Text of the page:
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"Statist" Defined - Basic English 101

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Poptech Posted: Wed, Jan 13 2010 7:14 PM

Statist (defined) - "An advocate of statism"

Statism (defined) - "Concentration of economic controls and planning in the hands of a highly centralized government often extending to government ownership of industry"

...

Thus advocates of Laissez-faire cannot be called Statists nor can someone for simply believing the United States should exist.

I am tired of the misuse of common English language words by those seeking to "shock" people into agreeing with them.

 

"Anarchism misunderstands the real nature of man. It would be practicable only in a world of angels and saints" - Ludwig von Mises

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Poptech:

Statist (defined) - "An advocate of statism"

Statism (defined) - "Concentration of economic controls and planning in the hands of a highly centralized government often extending to government ownership of industry"

...

Thus advocates of Laissez-faire cannot be called Statists nor can someone for simply believing the United States should exist.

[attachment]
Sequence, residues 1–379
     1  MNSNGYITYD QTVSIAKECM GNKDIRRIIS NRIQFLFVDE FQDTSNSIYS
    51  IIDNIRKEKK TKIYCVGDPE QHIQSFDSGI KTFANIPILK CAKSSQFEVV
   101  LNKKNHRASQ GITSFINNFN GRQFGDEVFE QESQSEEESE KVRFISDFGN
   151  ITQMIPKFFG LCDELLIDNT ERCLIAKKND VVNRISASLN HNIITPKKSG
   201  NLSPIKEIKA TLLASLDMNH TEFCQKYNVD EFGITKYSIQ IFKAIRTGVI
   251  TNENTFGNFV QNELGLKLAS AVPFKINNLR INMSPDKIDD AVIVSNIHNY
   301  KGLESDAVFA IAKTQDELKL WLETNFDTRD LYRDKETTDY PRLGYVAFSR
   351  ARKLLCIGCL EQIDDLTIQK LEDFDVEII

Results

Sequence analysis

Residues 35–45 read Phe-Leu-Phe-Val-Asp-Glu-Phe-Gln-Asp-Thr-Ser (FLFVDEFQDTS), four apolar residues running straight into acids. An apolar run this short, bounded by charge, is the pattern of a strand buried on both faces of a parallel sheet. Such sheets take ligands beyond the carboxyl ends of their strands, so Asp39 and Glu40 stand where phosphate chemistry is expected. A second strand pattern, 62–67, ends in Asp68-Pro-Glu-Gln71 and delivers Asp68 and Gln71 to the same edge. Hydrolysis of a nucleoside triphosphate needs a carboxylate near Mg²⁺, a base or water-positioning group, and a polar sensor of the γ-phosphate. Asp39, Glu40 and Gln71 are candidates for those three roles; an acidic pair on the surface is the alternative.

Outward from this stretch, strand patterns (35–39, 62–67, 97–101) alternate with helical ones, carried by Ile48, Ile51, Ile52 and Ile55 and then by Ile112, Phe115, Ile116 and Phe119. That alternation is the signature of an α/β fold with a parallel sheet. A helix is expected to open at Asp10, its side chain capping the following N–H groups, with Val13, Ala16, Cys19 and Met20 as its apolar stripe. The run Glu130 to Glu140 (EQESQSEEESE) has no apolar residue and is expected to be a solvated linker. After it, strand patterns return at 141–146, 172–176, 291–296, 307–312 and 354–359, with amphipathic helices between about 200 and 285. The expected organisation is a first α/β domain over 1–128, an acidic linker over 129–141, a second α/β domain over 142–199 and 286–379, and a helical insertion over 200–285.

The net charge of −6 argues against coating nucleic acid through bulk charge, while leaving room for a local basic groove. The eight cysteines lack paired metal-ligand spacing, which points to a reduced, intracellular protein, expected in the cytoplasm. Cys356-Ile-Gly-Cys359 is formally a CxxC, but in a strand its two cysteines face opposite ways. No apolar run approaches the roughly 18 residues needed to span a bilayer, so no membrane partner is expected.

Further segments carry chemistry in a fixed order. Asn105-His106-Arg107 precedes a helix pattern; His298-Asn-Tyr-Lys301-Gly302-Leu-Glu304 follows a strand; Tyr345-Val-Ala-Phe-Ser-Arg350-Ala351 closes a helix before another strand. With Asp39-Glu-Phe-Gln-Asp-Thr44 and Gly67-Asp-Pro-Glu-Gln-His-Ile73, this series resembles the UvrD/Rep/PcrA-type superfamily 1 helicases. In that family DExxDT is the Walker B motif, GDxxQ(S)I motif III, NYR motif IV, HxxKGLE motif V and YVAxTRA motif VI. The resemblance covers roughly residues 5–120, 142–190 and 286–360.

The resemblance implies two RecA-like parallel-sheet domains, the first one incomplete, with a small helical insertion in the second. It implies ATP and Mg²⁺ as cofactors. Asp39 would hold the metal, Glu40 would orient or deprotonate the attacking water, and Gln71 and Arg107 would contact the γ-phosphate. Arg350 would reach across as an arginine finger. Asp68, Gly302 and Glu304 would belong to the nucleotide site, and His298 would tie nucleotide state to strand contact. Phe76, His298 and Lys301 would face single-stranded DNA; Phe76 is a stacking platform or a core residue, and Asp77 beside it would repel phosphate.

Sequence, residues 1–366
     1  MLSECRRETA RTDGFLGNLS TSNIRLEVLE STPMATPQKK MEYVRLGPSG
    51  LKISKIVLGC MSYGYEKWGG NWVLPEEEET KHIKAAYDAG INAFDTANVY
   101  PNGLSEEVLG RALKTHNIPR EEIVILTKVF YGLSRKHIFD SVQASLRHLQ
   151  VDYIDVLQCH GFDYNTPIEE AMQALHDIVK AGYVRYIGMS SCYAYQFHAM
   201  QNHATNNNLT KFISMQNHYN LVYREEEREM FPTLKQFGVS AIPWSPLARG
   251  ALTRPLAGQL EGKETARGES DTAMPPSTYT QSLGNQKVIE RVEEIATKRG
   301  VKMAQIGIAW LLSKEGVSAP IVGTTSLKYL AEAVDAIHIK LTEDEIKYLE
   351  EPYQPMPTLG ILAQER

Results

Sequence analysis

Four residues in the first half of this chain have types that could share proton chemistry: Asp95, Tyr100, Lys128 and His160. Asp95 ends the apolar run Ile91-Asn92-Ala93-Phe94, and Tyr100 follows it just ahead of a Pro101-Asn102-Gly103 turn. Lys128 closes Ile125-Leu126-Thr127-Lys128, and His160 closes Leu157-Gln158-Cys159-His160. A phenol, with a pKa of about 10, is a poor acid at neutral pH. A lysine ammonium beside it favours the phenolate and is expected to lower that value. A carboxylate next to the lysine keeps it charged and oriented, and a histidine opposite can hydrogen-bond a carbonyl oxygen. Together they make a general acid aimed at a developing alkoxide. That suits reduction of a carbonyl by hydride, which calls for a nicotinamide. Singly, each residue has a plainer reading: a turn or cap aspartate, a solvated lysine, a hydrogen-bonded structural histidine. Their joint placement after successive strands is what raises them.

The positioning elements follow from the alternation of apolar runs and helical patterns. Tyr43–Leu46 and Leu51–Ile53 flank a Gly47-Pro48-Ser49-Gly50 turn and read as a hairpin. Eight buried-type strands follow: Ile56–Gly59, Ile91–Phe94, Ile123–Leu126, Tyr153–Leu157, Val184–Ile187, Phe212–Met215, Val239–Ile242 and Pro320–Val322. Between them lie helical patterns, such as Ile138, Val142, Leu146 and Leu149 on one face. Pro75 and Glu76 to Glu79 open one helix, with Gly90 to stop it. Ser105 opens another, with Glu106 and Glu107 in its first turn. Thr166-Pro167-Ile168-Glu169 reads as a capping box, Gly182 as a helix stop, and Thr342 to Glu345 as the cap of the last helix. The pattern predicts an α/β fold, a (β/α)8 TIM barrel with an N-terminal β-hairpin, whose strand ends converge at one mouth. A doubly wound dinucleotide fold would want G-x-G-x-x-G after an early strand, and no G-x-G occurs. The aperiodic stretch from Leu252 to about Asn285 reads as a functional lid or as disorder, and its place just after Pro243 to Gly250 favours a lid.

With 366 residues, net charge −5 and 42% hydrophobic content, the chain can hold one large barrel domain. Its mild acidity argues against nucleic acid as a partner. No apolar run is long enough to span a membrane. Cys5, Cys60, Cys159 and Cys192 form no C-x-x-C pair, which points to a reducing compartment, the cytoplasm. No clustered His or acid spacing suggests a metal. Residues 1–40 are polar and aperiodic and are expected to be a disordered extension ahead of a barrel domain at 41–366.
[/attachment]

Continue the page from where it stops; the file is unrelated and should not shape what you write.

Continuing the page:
I am tired of the misuse of common English language words by those seeking to "shock" people into agreeing with them.

 

Well wouldn't propounding government necessity in defense, law and other public utilities mean the concentration of economic planning and controls into the hands of government and thus making government ownership in the industry the only reality? 

 

'Men do not change, they unmask themselves' - Germaine de Stael

 

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Ok, what would you like us to call people who support extortion and unprovoked force instead? Indeed suddenly there is a need for such a word, because I have absolutly no idea what to call those who believe in the state, hmmm..... Because you know, statism really does makes sense for those who believe in such a term, so if you prefer I shall continue using statist, just as I would call somone who believed only in the validity of voluntary interactions a voluntaryist, somone who believes in the validity of the communist state a communist, and somone who believes in the sacredness of the individual and individualist.

If you actually have a preffered name for us to use against those who support coersion, please propose it, if not then I'll "coin" the term in order to fill the sudden void.

"Lo! I am weary of my wisdom, like the bee that hath gathered too much honey; I need hands outstretched to take it." -Thus Spake Zarathustra
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Poptech replied on Wed, Jan 13 2010 7:43 PM

The Late Andrew Ryan: